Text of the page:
Archive for the ‘Uncategorized’ Category

The Cost Of Femininity

Tuesday, January 8th, 2008

I had an interesting experience at work the other day. I work in Tech Support, and a lot of call time is spent waiting for software to finish installing, starting up, that sort of thing, so I spend quite a bit of my time on small talk, with my mouth on autopilot and the rest of my brain typing up case notes, or knitting.

Conversation:

Customer: “So whereabouts are you based?”
Melle: “We’re up in Scotland.” (knit knit knit)
Customer: “Oh, what’s the weather like up there?”
Melle: “It’s been snowing the last couple of days, actually.” (knit, kni–crap, dropped a stitch)
Customer: “[laughs] I’m so sorry.”
Melle: “Yeah, I mean, I love snow, but when I have to trudge through it to get to work — not so much.” (dammit where’s the proper-sized crochet hook dig dig dig)
Customer: “And you in heels and all.”
Melle: “Oh, I wear boots, actually.” (dig di–wait, what?)

Yeah. Thankfully, by the time most of my brain had caught up with what he’d said, I’d already managed to move the conversation along. But it got me thinking, about all the assumptions that lie in the one sentence, and how they reflect the assumptions society has of women, and of femininity.

Because in that one sentence, we get the assumption that because I’m female, I must be wearing heels. All the time. Even when there’s ankle-deep snow on the ground and I’ve had trouble not slipping and falling on my ass even in Doc Martens. Because I am, after all, a woman, and therefore femininity, as perceived by society, must be my first priority..

(I think this whole thing baffled me all the more because of the field I work in — female geeks aren’t generally perceived as being very feminine, and I’m much closer to the stereotype of the (female) geek than I am to any “pretty woman” stereotype. Maybe it’s my voice or something that makes me sound young and girlish and “pretty”? I dunno.)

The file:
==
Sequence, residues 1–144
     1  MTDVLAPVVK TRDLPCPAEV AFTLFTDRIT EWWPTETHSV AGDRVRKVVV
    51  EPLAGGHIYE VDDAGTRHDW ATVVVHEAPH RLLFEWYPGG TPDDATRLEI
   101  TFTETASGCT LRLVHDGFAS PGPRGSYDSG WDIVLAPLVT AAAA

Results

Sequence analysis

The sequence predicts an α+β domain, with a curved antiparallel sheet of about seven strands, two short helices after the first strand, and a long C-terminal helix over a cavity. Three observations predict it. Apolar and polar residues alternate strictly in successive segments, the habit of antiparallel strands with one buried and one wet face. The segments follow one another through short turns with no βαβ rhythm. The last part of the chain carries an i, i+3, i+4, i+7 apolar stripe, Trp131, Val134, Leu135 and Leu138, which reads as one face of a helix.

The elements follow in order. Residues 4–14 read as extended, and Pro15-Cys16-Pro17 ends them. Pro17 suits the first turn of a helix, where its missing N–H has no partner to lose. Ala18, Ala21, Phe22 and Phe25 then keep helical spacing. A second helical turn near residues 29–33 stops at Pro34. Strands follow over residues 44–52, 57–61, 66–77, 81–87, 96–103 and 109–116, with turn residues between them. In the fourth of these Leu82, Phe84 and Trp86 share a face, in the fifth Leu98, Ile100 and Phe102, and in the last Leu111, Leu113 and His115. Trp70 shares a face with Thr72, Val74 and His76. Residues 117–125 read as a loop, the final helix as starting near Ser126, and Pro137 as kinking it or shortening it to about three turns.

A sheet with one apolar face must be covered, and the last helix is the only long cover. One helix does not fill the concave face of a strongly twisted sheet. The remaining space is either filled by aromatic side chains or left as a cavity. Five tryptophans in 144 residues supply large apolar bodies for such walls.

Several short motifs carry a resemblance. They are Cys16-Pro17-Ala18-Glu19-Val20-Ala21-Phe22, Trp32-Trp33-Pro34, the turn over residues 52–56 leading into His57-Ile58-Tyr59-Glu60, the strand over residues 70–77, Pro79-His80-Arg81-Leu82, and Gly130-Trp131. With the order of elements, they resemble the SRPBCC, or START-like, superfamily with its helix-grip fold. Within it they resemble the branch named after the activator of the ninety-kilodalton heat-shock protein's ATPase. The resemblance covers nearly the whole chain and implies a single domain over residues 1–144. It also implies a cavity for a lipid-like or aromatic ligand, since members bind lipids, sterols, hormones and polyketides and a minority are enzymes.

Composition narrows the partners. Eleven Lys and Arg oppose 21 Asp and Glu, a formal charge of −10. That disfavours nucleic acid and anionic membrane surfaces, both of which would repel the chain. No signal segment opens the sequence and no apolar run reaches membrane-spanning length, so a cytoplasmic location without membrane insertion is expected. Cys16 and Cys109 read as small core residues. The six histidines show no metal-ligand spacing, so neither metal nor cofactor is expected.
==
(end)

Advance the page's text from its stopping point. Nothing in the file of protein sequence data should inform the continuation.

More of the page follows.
And femininity, according to society, means work and hardship, and no comfort at all. It means shaving your legs and armpits regularly, trimming your eyebrows, wearing heels no matter the weather or circumstances, wearing make-up, having hair that’s neither too short (i.e. above your earlobes, because then it’s mannish) nor too long (i.e. below the shoulder, because then it’s too “young”) and preferably straight and thus requiring a shitload of daily styling to at least not look like ass, and regular cuts, and nails which are at the very least trimmed, but not all the way, and even.

Oh, and you should be at least relatively slim, but that’s kind of assumed as the default, because if you’re fat, you can’t ever look feminine, so why even try? You should probably also be white, and at the very least have “good hair” or relax it, but again, “white” is kind of assumed as the default starting position, really. And that’s not even getting into the cost in actual money (razors, tweezers or waxing, haircuts, manicures, etc.), or clothes, whose cost lies mostly in money and comfort.

You know, considering how much the patriarchy wants us to believe that men and women are just inherently different, dammit, so we’d best accept that and not call anyone on their essentialist bullshit, it sure as hell seems to take a shitload of work (and money, and lack of comfort) to be a woman.

Friday, November 16th, 2007

I am spreading this meme. If you haven’t seen this on your flist already, please take a moment to read about Pretty Bird Woman House, a women’s shelter located on the South Dakota side of the Standing Rock Reservation. I will quote memlu here: